Indian Mars mission suffers glitch but 'no setback'

November 11, 2013
The PSLV-C25 rocket carrying the Mars Orbiter Spacecraft blasts off from the launch pad at Sriharikota on November 5, 2013

India's Mars spacecraft suffered a brief engine failure Monday as scientists tried to move it into a higher orbit around Earth, but controllers denied any setback to the ambitious low-cost mission.

The Mars Orbiter Mission, which blasted off on November 5 for a 11-month trip to the Red Planet, is being launched on its way via an unusual "slingshot" method for interplanetary journeys.

Lacking a large enough rocket to blast directly out of Earth's atmosphere and gravitational pull, the Indian spacecraft is orbiting Earth until the end of the month while building up enough velocity to break free.

On Monday, during a fourth repositioning to take it 100,000 kilometres (62,000 miles) from Earth, the thruster engines briefly failed, leading the auto-pilot to take over.

"It's not a setback at all. Tomorrow again we'll raise the orbit to 100,000 kilometres," a spokesman for the Indian Space Research Organisation (ISRO), Deviprasad Karnik, told AFP.

The spacecraft is currently at an orbit of 78,276 kilometres and will be raised again at 5 am Tuesday (2330 GMT Monday), an ISRO statement said.

India has never before attempted and more than half of all missions to Mars have ended in failure, including China's in 2011 and Japan's in 2003.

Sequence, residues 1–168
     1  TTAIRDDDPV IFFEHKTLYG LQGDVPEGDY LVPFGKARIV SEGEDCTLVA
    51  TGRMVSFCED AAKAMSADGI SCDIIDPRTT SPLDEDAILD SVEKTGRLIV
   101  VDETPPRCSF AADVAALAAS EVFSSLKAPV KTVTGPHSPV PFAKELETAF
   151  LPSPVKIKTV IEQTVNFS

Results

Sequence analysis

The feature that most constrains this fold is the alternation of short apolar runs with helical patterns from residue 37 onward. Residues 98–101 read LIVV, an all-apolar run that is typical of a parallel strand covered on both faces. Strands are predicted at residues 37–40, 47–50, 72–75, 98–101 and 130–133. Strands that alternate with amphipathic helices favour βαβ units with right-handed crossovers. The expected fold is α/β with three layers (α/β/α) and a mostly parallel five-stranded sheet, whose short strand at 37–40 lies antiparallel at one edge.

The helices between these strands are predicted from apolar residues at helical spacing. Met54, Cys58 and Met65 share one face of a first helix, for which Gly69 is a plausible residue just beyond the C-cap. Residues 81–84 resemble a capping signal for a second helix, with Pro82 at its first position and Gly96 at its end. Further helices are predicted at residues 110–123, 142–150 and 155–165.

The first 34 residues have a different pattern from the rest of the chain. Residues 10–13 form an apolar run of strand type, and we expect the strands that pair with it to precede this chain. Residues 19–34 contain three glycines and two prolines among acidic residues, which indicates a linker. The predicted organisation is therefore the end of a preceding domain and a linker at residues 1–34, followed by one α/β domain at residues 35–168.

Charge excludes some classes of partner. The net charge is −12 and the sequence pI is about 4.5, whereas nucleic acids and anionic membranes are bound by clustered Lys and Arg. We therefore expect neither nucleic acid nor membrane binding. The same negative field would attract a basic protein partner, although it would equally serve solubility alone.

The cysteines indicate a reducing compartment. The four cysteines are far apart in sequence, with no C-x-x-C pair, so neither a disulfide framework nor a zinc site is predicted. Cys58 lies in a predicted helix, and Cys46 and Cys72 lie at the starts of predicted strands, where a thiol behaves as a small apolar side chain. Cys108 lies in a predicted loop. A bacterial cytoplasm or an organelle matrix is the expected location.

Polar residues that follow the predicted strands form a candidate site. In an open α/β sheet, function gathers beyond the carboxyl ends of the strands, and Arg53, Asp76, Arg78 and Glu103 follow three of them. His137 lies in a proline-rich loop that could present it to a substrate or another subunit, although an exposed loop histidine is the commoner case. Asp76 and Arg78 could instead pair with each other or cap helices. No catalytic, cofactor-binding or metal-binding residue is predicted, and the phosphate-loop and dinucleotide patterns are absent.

The cost of the project, at 4.5 billion rupees ($73 million), is less than a sixth of the $455 million earmarked for a Mars probe by NASA which will launch later this month.

ISRO chairman K. Radhakrishnan has called the mission a "turning point" for India's space ambitions and one which would go on to prove its capabilities in rocket technology.

Explore further: India sets November 5 for Mars mission launch

Related Stories

India sets November 5 for Mars mission launch

October 22, 2013

Scientists on Tuesday set November 5 for the delayed launch of India's first mission to Mars, which was postponed due to problems in positioning a seaborne tracking system.

Indian space head braced for tricky Mars challenge

October 31, 2013

The head of India's space agency warned Thursday of the immense complexity of sending a mission to Mars as the country prepares to send its first interplanetary probe to explore the atmosphere there.

Indian Mars mission leader criticised over temple visit

November 7, 2013

The head of India's space agency, basking in plaudits after the launch of the country's first voyage to Mars, was brought down to earth Thursday by criticism of his decision to seek divine blessing for the mission.

Recommended for you

Image: Hubble sees a dying star's final moments

July 31, 2015

A dying star's final moments are captured in this image from the NASA/ESA Hubble Space Telescope. The death throes of this star may only last mere moments on a cosmological timescale, but this star's demise is still quite ...

Exoplanets 20/20: Looking back to the future

July 31, 2015

Geoff Marcy remembers the hair standing up on the back of his neck. Paul Butler remembers being dead tired. The two men had just made history: the first confirmation of a planet orbiting another star.

Earth flyby of 'space peanut' captured in new video

July 31, 2015

NASA scientists have used two giant, Earth-based radio telescopes to bounce radar signals off a passing asteroid and produce images of the peanut-shaped body as it approached close to Earth this past weekend.

Binary star system precisely timed with pulsar's gamma-rays

July 31, 2015

Pulsars are rapidly rotating compact remnants born in the explosions of massive stars. They can be observed through their lighthouse-like beams of radio waves and gamma-rays. Scientists at the Max Planck Institute for Gravitational ...

0 comments

Please sign in to add a comment. Registration is free, and takes less than a minute. Read more

Click here to reset your password.
Sign in to get notified via email when new comments are made.